La Roasteria, Inc., dba Café Kubal, which operates cafés in the Syracuse area, will acquire and renovate an existing building at 208 N. Townsend St. and an adjacent parking lot in the City of Syracuse, Onondaga County in order to relocate and expand its coffee roastery and operations functions from its current location in Syracuse, and to create an employee training center.

Onondaga Learning Disabilities Association of Central New York, Inc. Career Solutions
AcademyLearning Disabilities Association of Central New York, Inc. will provide a Career Solutions Academy (CSA) to enable participants to earn a Cleaning Technician credential from the Cleaning Management Institute (CMI).

A rush transcript of the Governor’s remarks is included below.

Gov. Andrew Cuomo

Thank you. Thank you very much. Thank you very much. I just realized we’re not in the Egg. I didn’t come in Uber. I was wondering how they got all the seats flat like that. And the fancy ceiling. What a beautiful facility. Congratulations to Albany. Let’s give them a round of applause on this beautiful new convention center.

To our great head of economic development, who’s just done a masterful job. He’s also obviously a pleasure. We’re working on his sense of humor. It is getting better, I promise you. But I’ve been all over the state with him. His reputation, the relationship that he has, the credibility that he has, is second to none. He’s a beautiful asset to the State of New York. Let’s give Howard Zemsky a big round of applause.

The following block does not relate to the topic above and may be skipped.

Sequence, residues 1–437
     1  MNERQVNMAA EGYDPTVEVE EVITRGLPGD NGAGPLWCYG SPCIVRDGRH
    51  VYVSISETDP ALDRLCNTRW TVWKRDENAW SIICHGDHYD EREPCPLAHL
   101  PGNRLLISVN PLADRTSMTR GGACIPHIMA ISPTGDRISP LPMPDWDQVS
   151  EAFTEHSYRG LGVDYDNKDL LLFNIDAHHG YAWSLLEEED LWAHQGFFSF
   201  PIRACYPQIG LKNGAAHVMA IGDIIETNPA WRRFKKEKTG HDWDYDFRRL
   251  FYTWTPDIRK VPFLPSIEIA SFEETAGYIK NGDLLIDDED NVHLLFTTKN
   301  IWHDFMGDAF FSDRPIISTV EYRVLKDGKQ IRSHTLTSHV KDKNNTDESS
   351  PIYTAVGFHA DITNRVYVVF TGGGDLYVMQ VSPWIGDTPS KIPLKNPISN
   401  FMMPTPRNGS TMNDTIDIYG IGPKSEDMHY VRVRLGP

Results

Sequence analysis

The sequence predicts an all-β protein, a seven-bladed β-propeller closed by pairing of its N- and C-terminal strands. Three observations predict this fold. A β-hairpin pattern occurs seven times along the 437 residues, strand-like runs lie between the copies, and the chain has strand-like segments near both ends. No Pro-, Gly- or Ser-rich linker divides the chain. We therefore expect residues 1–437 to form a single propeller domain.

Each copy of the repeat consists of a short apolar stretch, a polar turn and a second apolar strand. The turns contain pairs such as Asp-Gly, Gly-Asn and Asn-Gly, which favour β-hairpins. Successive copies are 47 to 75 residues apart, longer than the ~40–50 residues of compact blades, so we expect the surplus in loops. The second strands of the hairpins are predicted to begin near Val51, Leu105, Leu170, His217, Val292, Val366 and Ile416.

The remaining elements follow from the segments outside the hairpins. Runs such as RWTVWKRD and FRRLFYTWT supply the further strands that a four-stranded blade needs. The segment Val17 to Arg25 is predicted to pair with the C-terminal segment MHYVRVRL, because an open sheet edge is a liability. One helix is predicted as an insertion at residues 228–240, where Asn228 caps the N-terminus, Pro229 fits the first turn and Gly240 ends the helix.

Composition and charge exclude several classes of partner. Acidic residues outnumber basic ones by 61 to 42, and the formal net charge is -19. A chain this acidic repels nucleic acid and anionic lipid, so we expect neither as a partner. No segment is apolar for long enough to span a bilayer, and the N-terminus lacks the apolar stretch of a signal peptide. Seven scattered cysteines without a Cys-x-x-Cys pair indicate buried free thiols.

Our phenomenal Lieutenant Governor who actually cut so many ribbons, she actually hurt her wrist cutting ribbons. Give her a round of applause.

And to my colleagues I want to thank them very much for joining us. This is very much a joint enterprise between the Executive and the Legislative. And the Legislature has worked very hard on this program and they’ve been a great partner. So let’s thank Senator Amedore and Assemblymember Weinstein for being here today, and you’ll hear from them in a moment.

You know, the world is a frightening and a challenging place nowadays. And everything you’re doing, everything we’re doing in the state doesn’t exist in a vacuum. It exists in the context of what is going on. And it is a chaotic, frightening, challenging time. There are international tensions that we feel, there’s anxiety about the economy, there’s anxiety about climate change and extreme weather. And these are serious situations. The other morning I was walking through the New York City subway system where a bomb had just been detonated. New scourge of terrorism.

And we have the federal government that is reshaping the relationship between the federal government and the states. We have the federal government working on a tax plan that will reshape the economy of the United States of America. That’s what it will do. They’re trying to get it done very quickly, I think they’re trying to get it done very quickly because they really don’t want people to understand what it will do. But it will be transformative, there is no doubt. And everybody has an opinion nowadays. You turn on a TV, you open a newspaper, and it’s all filled with opinions. Senator Moynihan used to say you can have your own opinion, you can’t have your own facts.